photo from your own web site...

...They won’t store it for you.

If you have your own website, simply upload the photo to your site and enter
its address in your listing form.

If you don’t have your own website, there are several companies that work with
eBay to host your photos.


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EBay’s “Put Your Image On The Web”

http://pages.eBay.com/help/basics/phototut-3.html#webspace
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These companies will charge you from $.50 to $2.00 to help you place your
photo on eBay.


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If you need a website to store your photos, use your ‘free website’ that comes
with most internet service providers (including AOL).

Or visit my AuctionMaster Toolkit for a complete list of free Web Sites.


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Selling With Your Listing


The one thing that never ceases to amaze me is the overall blandness of most
of the listings you find on eBay.

Remember, the bidder is looking at your ad because they WANT TO BUY the
product...

        ... and you’re trying to sell it for as much as you can possibly get.
                       YOU’VE GOT TO SELL IT, BABY!




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The art of writing a compelling sales letter is a lot easier than it sounds. In
fact, Marlon Sanders has an Amazing Formula that teaches you to do just
that...and his formula is the best I’ve seen.

Visit Higher Response Marketing at
http://higherresponse.com
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Benefits

In your listing, just like in the headline, you want to focus on the benefits to the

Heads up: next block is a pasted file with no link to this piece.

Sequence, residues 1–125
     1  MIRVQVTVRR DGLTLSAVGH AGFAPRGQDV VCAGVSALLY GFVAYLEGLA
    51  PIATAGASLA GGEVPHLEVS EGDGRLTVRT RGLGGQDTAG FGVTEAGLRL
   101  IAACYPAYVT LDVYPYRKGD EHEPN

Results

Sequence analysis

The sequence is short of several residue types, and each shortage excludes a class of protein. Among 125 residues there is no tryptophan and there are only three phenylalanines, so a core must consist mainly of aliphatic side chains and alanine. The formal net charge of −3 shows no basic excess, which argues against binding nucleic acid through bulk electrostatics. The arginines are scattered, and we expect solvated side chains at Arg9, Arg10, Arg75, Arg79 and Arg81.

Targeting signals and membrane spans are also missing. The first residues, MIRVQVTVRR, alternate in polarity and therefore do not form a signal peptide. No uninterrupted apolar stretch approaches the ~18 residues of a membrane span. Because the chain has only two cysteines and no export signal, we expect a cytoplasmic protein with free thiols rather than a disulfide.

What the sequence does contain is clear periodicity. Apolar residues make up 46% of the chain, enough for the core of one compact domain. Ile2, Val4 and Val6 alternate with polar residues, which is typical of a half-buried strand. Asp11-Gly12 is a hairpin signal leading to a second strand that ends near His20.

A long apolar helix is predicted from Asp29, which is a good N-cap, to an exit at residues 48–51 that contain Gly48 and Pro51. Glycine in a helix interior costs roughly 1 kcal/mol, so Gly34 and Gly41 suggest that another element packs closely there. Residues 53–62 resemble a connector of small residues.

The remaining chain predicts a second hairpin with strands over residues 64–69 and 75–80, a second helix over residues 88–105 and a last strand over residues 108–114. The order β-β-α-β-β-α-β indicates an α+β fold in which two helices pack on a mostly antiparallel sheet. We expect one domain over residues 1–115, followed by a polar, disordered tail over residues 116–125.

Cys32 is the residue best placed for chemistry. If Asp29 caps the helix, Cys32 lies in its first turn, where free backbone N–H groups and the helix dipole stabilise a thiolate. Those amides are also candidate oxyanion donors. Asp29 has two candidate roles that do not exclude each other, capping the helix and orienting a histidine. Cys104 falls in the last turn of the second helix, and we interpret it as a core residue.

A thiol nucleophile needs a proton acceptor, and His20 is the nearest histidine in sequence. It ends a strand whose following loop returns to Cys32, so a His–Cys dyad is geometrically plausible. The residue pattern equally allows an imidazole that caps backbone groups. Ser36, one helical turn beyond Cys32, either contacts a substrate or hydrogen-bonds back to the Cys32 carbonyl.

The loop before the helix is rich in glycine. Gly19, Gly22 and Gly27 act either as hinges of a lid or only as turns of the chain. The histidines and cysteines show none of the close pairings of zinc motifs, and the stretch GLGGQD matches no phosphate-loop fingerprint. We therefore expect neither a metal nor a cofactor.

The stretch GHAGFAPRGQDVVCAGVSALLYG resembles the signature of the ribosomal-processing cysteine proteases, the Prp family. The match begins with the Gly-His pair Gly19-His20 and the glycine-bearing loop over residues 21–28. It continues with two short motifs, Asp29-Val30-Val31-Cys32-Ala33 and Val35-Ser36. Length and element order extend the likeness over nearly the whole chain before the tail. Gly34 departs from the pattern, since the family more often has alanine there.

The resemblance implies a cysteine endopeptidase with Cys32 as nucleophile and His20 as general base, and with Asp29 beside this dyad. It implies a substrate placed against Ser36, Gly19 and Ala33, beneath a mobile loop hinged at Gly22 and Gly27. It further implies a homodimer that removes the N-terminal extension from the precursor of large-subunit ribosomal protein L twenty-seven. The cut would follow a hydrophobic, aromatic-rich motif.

buyer.


To use our tax software example...

...You’re not selling software, you’re selling all of the things the user will enjoy
with the money he saved using it…


Things like:

•     Vacations
•     New cars
•     Debt free lifestyle


You get the picture. To put it another way...


                     You don’t sell drills…You sell holes!
Features

Once you’ve convinced your buyer he needs the benefits of your product,
focus on a few features.

For example:

     Does your software run on Windows or does it run on 85% of all
                       computers in the world?

 Does it interface with Quicken or does it fully integrate into the leading
                   financial management applications?


Again, the bidders are there to buy…


                               So Sell it, Baby!



EBay’s ‘Featured Areas’

You can pay an extra fee to have your item come up on the first page of a
particular category, and pay even more to have it appear on the home page.


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EBay’s Featured Auctions Options

http://pages.eBay.com/help/sellerguide/selling-feat.html
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Featuring your auction can cost as much as $100!